Kashmir bee virus has widespread distribution and is considered the most virulent of honey bee viruses under laboratory condition (Allen and Ball 1996). When KBV is injected in to adult bee hemolymph, death occurs in just 3 days (de Miranda et al. 2012). KBV does not cause infection when fed to developing bees, but does persist in adult and developing bees without any obvious symptoms. When Varroa mites transmit the virus, it becomes deadly to all forms of the bee lifecycle but displays no clearly defined symptoms. Even with moderate levels of mite infestation, KBV, like ABPV, can kill colonies (Todd et al. 2007). Control of Varroa mites is necessary to prevent colony losses from KBV.

    Israeli Acute Paralysis Virus (IAPV)

    Symptoms of IAPV are similar to ABPV and CBPV including: shivering wings, darkened hairless abdomens and thoraxes, progressing into paralysis and death. IAPV is found in all life stages and castes of bees. IAPV and other viruses were found to be strongly associated with colony collapse disorder (CCD) in the United States, but no direct relationship between the viruses and CCD has yet been shown (Cox-Foster et al. 2007).  IAPV is extremely virulent at high titers, as when vectored by Varroa and is covert at low titers.

    Slow Bee Paralysis Virus

    In contrast to ABPV, which produces symptoms in a few days after infection, SBPV induces paralysis after 12 days, and only on the two fore (anterior) legs. SBPV persists as a covert infection and is transmitted by Varroa to adults and pupae. The disease will kill adult bees and eventually the entire colony (de Miranda et al. 2012). Prevalence of the virus is limited. It has not been found in the U.S., but has been found in England, Switzerland, Fiji and Western Samoa and only in Britain has SBPV been associated with colony deaths (Carreck et al. 2010).

    Summary

    Most pathogens invade the digestive system through oral ingestion of inoculated food. These pathogens infect the mid gut epithelial cells, which are constantly being replaced and are protected by membranes and filters which confine the pathogen to gut tissues. Parasites that infect gut tissue like Nosema apis and Nosema cerana can create lesions in the epithelium that allow a virus like BQCV to pass into the hemolymph and infect other cells in the body. In contrast the external parasite Varroa destructor feeds directly on bee hemolymph providing an opening in the cuticle for viruses to enter. Most virus infections rarely cause infection when ingested orally, but only a few virus particles are necessary to cause infection when injected directly into the hemolymph. Many viruses can be directly transmitted by Varroa mites, such as: DWV, those in the acute bee paralysis virus complex, and slow bee paralysis virus. Other viruses, like sacbrood, have been detected in Varroa mites but Varroa has not been shown to directly transmit the virus. Some viruses, like DWV, have been shown to directly multiply in Varroa mites, however in most cases we don’t know the exact relationship of Varroa mites to viruses or enough about how transmission occurs from mites to bees. Knowledge about the presence, role, and transmitting routes of these viruses in native bees, and other potential non-Varroa transmission routes is also lacking in detail, complicating recommendations for control. Research does show viruses clearly affect honey bee health and warrant attention from the beekeeper and researcher alike.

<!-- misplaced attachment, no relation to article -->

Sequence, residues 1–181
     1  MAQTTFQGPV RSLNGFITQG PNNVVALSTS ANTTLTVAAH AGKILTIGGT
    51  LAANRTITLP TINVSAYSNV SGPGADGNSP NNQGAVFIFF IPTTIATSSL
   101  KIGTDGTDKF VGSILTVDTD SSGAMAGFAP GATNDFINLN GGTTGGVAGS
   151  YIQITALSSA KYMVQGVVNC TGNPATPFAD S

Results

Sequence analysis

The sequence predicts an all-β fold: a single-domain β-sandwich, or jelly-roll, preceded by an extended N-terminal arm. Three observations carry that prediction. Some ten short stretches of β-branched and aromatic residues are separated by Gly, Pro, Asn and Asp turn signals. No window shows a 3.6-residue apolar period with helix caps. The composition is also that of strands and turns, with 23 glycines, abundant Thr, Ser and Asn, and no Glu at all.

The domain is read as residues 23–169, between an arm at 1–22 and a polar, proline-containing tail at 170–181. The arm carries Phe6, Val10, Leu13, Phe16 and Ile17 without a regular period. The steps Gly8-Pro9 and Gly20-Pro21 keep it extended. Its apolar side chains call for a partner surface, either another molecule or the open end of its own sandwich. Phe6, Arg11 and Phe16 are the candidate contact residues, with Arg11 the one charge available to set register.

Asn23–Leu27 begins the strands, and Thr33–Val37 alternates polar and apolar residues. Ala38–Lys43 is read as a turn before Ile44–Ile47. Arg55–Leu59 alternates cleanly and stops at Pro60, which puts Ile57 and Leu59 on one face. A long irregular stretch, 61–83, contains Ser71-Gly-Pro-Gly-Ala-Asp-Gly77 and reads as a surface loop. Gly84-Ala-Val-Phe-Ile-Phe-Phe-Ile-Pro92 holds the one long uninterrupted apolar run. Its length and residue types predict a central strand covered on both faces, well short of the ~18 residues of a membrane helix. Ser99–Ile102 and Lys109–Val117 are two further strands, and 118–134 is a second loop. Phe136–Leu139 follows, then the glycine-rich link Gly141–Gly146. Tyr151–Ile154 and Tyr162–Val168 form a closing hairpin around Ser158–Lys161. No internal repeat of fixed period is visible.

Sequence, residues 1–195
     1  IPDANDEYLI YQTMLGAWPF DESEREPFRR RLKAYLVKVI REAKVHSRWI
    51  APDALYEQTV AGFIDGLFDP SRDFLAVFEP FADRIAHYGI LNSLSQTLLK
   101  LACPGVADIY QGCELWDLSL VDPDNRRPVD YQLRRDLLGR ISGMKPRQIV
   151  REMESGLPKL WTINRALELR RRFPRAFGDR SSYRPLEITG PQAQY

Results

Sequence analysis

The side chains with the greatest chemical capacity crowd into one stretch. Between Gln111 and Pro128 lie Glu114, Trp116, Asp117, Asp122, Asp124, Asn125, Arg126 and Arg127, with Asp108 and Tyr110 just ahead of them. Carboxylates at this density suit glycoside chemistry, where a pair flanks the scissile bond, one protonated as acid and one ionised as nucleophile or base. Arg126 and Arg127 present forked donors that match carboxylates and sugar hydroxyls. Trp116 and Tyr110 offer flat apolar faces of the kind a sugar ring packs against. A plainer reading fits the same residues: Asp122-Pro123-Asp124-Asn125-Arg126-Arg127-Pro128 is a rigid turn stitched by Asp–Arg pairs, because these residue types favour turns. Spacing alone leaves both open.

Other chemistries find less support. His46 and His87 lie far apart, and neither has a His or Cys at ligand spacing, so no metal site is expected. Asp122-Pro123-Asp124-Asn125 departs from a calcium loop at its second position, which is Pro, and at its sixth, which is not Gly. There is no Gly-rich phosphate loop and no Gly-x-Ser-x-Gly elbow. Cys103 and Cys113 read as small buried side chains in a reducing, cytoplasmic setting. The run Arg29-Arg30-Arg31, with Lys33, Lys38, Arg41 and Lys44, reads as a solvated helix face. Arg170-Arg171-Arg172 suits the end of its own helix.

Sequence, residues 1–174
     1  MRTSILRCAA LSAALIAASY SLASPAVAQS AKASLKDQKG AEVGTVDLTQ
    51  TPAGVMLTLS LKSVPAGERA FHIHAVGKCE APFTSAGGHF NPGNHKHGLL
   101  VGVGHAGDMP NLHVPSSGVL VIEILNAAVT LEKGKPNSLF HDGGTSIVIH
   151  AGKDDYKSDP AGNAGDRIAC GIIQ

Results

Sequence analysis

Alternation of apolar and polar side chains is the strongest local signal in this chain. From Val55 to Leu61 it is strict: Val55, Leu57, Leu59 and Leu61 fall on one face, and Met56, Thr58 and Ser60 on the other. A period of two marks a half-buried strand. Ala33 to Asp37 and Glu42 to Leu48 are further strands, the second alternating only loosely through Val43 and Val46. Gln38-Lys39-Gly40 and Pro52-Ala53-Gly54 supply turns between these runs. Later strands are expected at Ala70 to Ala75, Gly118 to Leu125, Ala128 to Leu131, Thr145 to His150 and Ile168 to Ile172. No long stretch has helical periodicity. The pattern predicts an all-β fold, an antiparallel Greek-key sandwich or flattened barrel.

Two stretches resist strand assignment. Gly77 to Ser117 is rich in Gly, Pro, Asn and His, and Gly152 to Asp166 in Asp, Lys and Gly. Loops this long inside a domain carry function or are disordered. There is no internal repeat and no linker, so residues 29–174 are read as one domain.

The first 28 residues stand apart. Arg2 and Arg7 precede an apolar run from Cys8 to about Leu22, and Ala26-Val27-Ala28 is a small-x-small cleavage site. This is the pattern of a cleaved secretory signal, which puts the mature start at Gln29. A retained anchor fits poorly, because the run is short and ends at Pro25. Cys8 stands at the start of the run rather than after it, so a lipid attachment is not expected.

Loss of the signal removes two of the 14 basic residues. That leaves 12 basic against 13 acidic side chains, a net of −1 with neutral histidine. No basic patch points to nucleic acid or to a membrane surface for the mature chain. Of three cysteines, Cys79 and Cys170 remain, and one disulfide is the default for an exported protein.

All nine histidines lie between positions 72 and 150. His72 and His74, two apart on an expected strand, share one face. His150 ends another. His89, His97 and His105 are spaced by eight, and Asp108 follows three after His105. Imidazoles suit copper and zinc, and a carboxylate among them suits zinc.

Control

    Viruses persist in normal, healthy colonies, only to explode during times of stress. Many viruses are only damaging when in combination with another stressor like Varroa or Nosema. Active, integrated management of Varroa and other stressors is essential to minimizing virus titers. To learn more about reducing stressors with best management practices see: https://www.extension.org/mediawiki/files/8/8a/BMPs_with_CAP.pdf